Trump might get to the point where he becomes reckless and desperate enough to start issuing pardons to save his co -conspirators from Mueller, but ultimately he's gonna need a pardon to save his own ass…And I wouldn't putting faith in the idea that he can pardon himself. Even worse than that is the idea that Pense will give him safe passage out of the presidency. Pense will probably slip into a predictable Cotton Mathers mode where the Lord's admonition to uphold righteousness and punish evil doers must be heeded. It'll be, adios pecador.

  4. Eric S  •  Aug 15, 2018 @7:57 pm

    I don't think what the judge said during the trial will have any weight at all in relationship to the mass of evidence.  There is such a simple trail of crimes. The indictment is an easy read.  And no defense was made?

    The only way there's a mistrial is if a juror refuses to reason because of prior prejudice.

    It seemed like jury selection was very quick, given that possibility.

  5. uncledad  •  Aug 15, 2018 @8:06 pm

    Eric,

    I hope your right. I'm skeptical though, all it takes is one Trumpkin.

  6. doug  •  Aug 15, 2018 @8:08 pm

    Obstruction of Justice and a trial after Trump is out of office is a VERY real possibility.  Trump can't keep issuing pardons without proving intent to obstruct. 

    Forget Manifort. What happens when Don Jr is charged? Dealing with representatives of a foreign government to get "dirt" on HRC is a crime – even if no dirt was finally exchanged. Don Jr INTENDED to accept something of value in the campaign from a foreign government. Does Daddy pardon and seal his fate for Obstruction or promise Don Jr that five years in prison might be only three years and it won't be so bad.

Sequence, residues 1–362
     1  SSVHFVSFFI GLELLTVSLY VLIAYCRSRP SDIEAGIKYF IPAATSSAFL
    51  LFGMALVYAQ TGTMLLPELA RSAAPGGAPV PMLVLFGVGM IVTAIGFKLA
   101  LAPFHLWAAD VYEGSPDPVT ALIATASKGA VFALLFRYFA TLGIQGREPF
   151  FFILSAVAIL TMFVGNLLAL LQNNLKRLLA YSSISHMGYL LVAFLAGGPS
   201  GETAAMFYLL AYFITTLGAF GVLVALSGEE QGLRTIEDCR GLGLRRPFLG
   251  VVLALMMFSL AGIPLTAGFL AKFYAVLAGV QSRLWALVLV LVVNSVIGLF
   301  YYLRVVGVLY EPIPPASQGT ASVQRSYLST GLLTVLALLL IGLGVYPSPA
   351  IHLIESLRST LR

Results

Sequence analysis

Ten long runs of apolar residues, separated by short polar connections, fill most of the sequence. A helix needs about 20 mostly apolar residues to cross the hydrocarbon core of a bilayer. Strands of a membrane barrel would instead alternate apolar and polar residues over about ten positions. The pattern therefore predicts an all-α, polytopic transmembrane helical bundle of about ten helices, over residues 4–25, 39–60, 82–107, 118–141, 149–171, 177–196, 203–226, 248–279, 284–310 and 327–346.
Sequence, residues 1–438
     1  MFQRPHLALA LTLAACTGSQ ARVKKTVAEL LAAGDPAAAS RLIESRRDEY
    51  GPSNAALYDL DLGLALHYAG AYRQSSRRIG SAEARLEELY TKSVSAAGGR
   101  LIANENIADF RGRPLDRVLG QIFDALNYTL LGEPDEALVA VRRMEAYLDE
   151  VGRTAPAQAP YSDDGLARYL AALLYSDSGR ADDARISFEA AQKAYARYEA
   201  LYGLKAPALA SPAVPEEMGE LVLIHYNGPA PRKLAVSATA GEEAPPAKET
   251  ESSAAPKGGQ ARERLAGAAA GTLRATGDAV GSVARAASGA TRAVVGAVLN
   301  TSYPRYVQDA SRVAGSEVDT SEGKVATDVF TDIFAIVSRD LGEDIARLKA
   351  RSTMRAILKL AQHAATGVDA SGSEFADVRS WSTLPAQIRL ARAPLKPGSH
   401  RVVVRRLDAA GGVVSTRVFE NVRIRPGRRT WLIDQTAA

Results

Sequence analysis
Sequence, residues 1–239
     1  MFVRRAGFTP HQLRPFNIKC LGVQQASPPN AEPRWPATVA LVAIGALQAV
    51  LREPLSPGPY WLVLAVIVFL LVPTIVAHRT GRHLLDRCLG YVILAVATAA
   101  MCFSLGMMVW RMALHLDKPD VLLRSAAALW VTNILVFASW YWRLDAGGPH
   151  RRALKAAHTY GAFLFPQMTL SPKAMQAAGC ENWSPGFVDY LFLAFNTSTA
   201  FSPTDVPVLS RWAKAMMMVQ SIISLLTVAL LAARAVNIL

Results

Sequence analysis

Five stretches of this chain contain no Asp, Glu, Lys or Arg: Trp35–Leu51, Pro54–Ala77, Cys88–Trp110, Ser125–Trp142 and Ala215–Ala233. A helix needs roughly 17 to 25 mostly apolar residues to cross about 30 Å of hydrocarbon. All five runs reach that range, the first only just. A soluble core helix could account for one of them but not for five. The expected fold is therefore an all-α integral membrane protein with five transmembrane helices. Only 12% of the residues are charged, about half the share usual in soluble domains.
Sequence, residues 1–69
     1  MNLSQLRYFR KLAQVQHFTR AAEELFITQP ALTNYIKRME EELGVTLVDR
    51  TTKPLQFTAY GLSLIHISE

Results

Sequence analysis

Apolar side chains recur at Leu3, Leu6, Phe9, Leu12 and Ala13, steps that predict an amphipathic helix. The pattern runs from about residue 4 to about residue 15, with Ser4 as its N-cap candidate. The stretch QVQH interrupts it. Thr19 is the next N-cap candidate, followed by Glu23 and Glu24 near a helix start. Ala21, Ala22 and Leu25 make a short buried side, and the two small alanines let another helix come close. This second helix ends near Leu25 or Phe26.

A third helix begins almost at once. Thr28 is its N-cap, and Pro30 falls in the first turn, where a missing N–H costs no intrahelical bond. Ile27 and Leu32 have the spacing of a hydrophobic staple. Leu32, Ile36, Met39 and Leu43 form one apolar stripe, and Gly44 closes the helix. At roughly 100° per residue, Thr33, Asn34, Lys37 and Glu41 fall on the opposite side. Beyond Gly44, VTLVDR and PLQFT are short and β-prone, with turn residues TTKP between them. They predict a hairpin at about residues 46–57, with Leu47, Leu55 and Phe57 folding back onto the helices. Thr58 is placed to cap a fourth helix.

If Daddy hangs Don Jr. out to dry, will Don' Jr develop a streak of patriotic fervor and flip on President Bone Spurs? This is the source of panic in the West Wing that has Mayor Bug Eyes screaming the probe sill be ended by September or else!

    Carter Page is next and  Michael Cohen is right after!

  7. Tom_b  •  Aug 15, 2018 @9:47 pm

    Today, The Idiot revoked Brennan’s security clearance. While Trump technically has the power to do so, doing it without due process and citing political reasons in the signing statement must have had Trump’s lawyers face palming. Another lawsuit he will have to defend against, self-inflicted.

  8. Procopius  •  Aug 16, 2018 @6:14 am

    I really should not comment on this, but it's been bothering me ever since Brennan stated publicly, while he was still head of the CIA, that he had evidence that Putin was personally involved in directing the attack against the U.S. election. Now I was flabbergasted by this, because I'm so old I remember the story of Pearl Harbor. We were told after the War (World War II, if you aren't sure because we've had so many of them) that the State Department had broken the Japanese diplomatic code (Code Purple) before the attack, and that they had deciphered a cable to the Japanese ambassador to America which seemed to indicate a pending military attack. Because being able to read at least the diplomatic cables was so useful, the President and those few people who were granted clearance to know about that ability decided they did not dare warn the Navy about the danger lest that leak to the Japanese, with the result that CINCPAC was incredibly complacent and had much more of the Pacific Fleet in harbor than they should have. Now, to me having an asset in Putin's inner office, which Brennan seemed to be announcing, was probably even more valuable than that. By his public announcement Brennan was divulging classified material of the highest level, and probably putting that person's life in imminent danger. He thereby endangered national security a thousand times more than Edward Snowden and Julian Assange combined, yet nobody remarked on it.